Part of the fuzziness around these lost-productivity estimates is that converting a working day into a holiday isn’t equivalent to wiping out the productivity of a working day. One example: Earlier this week, I emailed Neil Saunders, consulting director of Verdict Research, to ask aboutthe firm’s estimate of how the wedding would boost spending. Saunders’s reply arrived by email just a minute before an email from a Verdict publicist saying Saunders was unavailable to comment because he was on holiday this week. That demonstrates how many jobs allow workers to get some work done remotely even when they are technically off-duty, and some work is shifted to before or after the holiday. “The country doesn’t completely grind to a halt,” Saunders said.
Also, Friday’s holiday was unlike most, since it involved a royal wedding and national celebrations (and all the accompanying memorabilia for sale. And lessons from the bank holiday around the queen’s golden jubilee in 2002, which seemed to shift productivity around in the calendar, remain unclear. “In this case, a little more uncertainty is attached to the British GDP loss estimates because crown-prince matrimonial ceremonies do not occur very often, around once every three decades or so,” Tom Fullerton, economist at the University of Texas at El Paso, wrote in an email. “Of course, the British proclivity for declaring public holidays is so exaggerated, it is a wonder GDP is a non-negative number at all there.”
Marcus Scheiblecker, economist at the Austrian Institute of Economic Research, has studiedholidays in
and finds they do take a small toll. “One working day more in a year raises GDP of that year by 0.1% in Austria ,” Scheiblecker wrote in an email. However, he thought the additional activity around the royal wedding could change things. “During this time other sectors have to produce and to work more,” Scheiblecker said. “This could well overcompensate negative effects so that all in all the effects on the total economy is positive.” Austria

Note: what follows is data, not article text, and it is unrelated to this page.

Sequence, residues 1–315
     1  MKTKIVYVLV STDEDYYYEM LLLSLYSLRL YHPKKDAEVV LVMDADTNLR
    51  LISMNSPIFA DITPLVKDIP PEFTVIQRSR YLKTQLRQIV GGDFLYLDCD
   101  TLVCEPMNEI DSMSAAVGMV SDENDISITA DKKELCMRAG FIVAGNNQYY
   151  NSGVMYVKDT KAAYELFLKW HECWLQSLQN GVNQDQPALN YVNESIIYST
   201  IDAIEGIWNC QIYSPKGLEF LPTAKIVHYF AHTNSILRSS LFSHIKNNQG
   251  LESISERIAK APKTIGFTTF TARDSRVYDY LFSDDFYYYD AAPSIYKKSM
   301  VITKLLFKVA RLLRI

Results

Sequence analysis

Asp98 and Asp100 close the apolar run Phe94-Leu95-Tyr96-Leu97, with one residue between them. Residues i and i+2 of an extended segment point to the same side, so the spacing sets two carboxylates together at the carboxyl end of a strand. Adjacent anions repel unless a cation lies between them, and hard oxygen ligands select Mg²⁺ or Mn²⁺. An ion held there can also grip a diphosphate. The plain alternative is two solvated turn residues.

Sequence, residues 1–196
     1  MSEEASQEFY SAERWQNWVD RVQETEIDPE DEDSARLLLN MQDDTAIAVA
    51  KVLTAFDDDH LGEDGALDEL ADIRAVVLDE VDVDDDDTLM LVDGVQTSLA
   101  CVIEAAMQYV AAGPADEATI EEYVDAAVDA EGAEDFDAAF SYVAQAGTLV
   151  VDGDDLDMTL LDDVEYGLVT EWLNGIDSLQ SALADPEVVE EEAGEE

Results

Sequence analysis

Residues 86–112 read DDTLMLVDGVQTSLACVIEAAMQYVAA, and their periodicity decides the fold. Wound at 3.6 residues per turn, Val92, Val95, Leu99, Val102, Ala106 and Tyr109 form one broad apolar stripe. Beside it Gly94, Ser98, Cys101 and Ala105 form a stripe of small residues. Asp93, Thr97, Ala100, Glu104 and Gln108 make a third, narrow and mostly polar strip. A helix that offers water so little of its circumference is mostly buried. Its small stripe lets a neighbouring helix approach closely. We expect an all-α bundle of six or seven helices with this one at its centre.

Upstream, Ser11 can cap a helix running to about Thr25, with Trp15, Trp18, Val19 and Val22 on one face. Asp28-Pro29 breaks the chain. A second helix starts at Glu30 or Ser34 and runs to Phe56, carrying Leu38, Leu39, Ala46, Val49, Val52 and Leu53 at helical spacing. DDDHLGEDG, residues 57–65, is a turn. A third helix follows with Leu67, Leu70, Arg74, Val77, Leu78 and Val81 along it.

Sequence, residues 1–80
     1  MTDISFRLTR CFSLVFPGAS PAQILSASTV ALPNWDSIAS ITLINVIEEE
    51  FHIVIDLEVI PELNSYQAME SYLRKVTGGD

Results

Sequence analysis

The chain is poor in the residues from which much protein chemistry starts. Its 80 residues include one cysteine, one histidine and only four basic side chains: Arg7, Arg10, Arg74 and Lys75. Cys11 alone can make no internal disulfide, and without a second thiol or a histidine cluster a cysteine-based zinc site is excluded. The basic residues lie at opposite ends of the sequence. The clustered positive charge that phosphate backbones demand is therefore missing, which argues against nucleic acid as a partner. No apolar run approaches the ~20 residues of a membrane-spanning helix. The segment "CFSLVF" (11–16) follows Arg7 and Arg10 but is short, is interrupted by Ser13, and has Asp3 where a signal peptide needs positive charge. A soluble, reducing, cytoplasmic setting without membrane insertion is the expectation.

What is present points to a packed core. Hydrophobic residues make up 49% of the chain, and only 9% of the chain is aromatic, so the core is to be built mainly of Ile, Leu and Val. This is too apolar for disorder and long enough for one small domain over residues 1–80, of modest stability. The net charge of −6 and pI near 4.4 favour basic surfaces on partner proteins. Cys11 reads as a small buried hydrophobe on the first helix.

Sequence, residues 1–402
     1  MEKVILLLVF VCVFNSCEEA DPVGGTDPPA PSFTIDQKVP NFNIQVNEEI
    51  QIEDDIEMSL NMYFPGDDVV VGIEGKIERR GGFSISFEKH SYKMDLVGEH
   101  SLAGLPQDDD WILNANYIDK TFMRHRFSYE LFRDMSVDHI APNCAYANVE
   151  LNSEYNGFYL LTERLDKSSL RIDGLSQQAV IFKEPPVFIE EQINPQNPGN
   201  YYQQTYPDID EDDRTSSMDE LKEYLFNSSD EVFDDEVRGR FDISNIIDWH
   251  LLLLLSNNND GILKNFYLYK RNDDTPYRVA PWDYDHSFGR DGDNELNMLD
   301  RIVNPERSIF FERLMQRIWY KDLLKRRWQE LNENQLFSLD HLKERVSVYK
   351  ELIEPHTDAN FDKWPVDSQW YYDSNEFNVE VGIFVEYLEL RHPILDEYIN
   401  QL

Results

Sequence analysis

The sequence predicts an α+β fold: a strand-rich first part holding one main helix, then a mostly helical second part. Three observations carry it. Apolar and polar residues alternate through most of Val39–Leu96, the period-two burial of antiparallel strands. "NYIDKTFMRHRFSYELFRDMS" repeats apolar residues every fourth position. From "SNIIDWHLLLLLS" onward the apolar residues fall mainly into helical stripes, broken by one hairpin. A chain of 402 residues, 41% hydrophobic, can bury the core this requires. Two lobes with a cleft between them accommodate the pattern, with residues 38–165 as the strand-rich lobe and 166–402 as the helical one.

Some studies suggest national holidays even can boost economic activity, though it is unclear how applicable these studies are to the
A 2008 paper assessing the potential effect of adding national holidays in U.K. Hong Kong found adding one holiday could increase GDP by 0.34%. Co-author Bala Ramasamy, an economist at the China Europe International Business School in Shanghai, thinks the potential for economic gain in the U.K. is even higher, because the country produces more of the goods that will be consumed and because the royal wedding is likely to boost spending more than a garden-variety national holiday.
“We believe that it’s possible that the increase in consumption (and so GDP) could match the shortfall in production due to the extra day holiday,” Ramasamy wrote in an email. “In fact, we will argue that the increase in production after the long holidays will be higher as workers come back refreshed and eager to get back to work! Thus, we would expect a small positive gain in GDP as a result of the royal-wedding holiday.”
Purdue University economic statistician Michael Levine says that may be too rosy a forecast because the U.K.’s economy has a different mix of sectors than Hong Kong’s. “Gains in the retail, hotel, restaurant and hospitality sectors will have to be measured against the background of losses in the manufacturing and banking sector,” Levine wrote in an email.
Courtesy:The Wall Street Journal